The comparison with addiction is more than just a metaphor here. Habits have the same impact as addictive substances on the physical structure of our brain. “Rewards create a neuronal urge and change the brain,” says Schultz. That’s what makes habits so powerful.

3. Take one step at a time

If it’s not possible to avoid the cue altogether, you may be able to consciously associate it with a different kind of behaviour. Imagine you have the choice between walking up the stairs and taking the lift or escalator. As long as you’ve identified a cue here, it shouldn’t be too much of a problem to choose the stairs. Make sure that you don’t commit to only ever choosing the stairs for all eternity. You don’t want to set yourself impossible goals. For now, you’re choosing to go up this one set of stairs. That can’t be too difficult, right? Worried that the stairs are too steep or too high? Channel your inner Mark Twain and take it slow. One step at a time.

4. Stay positive

When people are trying to break a bad habit, they often set themselves a negative goal, which our brains naturally struggle with. If you decide to stop eating fast food, what’s the reward? You’ll find your goal setting works much better if you keep things positive. Commit to eating healthier food for a week instead. That way, you’ll be able to be proactive and plan meals, go grocery shopping and try out new recipes. And if your culinary creations end up tasting delicious, you’ve taken care of your reward too.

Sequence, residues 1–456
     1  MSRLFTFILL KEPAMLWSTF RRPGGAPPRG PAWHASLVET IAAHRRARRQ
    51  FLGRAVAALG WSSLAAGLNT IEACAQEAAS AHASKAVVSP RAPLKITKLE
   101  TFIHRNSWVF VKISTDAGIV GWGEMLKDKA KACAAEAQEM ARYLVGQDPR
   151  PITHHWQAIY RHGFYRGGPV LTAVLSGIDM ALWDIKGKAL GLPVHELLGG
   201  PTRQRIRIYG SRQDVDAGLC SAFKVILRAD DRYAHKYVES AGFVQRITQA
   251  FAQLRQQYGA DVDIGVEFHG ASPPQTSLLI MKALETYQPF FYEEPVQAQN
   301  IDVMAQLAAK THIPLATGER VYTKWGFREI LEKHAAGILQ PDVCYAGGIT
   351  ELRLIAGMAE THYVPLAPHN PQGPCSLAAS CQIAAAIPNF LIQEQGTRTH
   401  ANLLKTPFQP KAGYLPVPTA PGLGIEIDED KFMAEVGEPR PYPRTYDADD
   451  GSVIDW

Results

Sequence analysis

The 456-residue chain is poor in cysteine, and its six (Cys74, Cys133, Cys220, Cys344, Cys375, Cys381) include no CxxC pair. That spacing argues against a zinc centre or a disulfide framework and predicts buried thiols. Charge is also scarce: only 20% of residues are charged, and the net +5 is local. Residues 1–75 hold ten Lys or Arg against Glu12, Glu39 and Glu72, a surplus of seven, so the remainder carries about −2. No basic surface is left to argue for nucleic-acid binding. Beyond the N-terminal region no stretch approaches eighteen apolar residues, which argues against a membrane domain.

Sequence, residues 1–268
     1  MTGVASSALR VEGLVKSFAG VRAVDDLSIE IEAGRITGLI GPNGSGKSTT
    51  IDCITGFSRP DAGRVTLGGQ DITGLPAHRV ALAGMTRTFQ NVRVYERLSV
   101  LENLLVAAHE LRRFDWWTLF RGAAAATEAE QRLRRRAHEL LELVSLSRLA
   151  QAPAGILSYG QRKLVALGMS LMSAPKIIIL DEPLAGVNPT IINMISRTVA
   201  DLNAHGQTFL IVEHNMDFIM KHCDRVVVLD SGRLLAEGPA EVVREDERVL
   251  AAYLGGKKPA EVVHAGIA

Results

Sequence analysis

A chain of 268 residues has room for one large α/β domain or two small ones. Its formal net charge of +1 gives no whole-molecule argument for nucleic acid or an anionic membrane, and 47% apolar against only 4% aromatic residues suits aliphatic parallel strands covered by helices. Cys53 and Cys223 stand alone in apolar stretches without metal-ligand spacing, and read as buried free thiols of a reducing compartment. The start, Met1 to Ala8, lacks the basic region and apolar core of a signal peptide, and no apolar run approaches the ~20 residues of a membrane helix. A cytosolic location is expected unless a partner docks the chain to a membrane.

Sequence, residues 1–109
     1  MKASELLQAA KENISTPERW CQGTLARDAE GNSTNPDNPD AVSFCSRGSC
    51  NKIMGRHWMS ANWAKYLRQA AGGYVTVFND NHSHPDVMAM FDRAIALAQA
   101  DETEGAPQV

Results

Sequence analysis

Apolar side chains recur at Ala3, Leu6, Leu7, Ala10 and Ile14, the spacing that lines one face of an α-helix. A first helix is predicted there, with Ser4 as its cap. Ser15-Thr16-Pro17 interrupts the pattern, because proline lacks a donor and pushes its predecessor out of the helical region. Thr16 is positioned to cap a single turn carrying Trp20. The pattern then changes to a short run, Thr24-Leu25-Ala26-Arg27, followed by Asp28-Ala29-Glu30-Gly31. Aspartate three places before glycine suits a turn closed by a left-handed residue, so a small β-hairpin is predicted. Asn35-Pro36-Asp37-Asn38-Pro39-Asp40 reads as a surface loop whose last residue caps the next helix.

5. Change your habit

Let’s imagine your sleep is poor and you’re not getting enough of it because you’re spending hours scrolling through social media before bed. In this example, you obviously can’t remove the cue. You have to go to bed at some point! But you could try changing up your routine by taking a closer look at the reward associated with the habit. Perhaps using social media is your way of staying in touch and feeling connected to others? If so, you could always chat to a friend or colleague on the phone instead. You’ll feel so much better afterwards and your eyes will have a break from the blue light on the screen, leaving you to drift gently into the land of nod. Do this on a regular basis and you’ll have reconnected with loads of friends you haven’t spoken to properly in ages. Hello new habit!

6. Be kind to yourself

Go easy on yourself if you don’t manage to change a habit right away. Just remember that habits are deep rooted and we are physically and psychologically conditioned to form habits and stick to them. One of the reasons why New Year’s Resolutions tend to be so short lived is that we are not able to deal with failure. The goals we set ourselves are a distant memory by the end of January and we feel angry with ourselves come the middle of February because we’ve messed up again.

We are creatures of habit, so it’s normal to find ourselves gradually reverting back to our old ways. But don’t give up. Keep making progress and overcome the minor setbacks along the way. Then, by the time New Year’s Eve rolls around again, you’ll be able to give yourself a pat on the back and come up with another set of exciting new habits to adopt in the new year.

Have you found these tips helpful? How have you managed your habits in the past? Have you found a method that works for you? Let us know in the comments or send us an email to freelance@apostrophgroup.ch.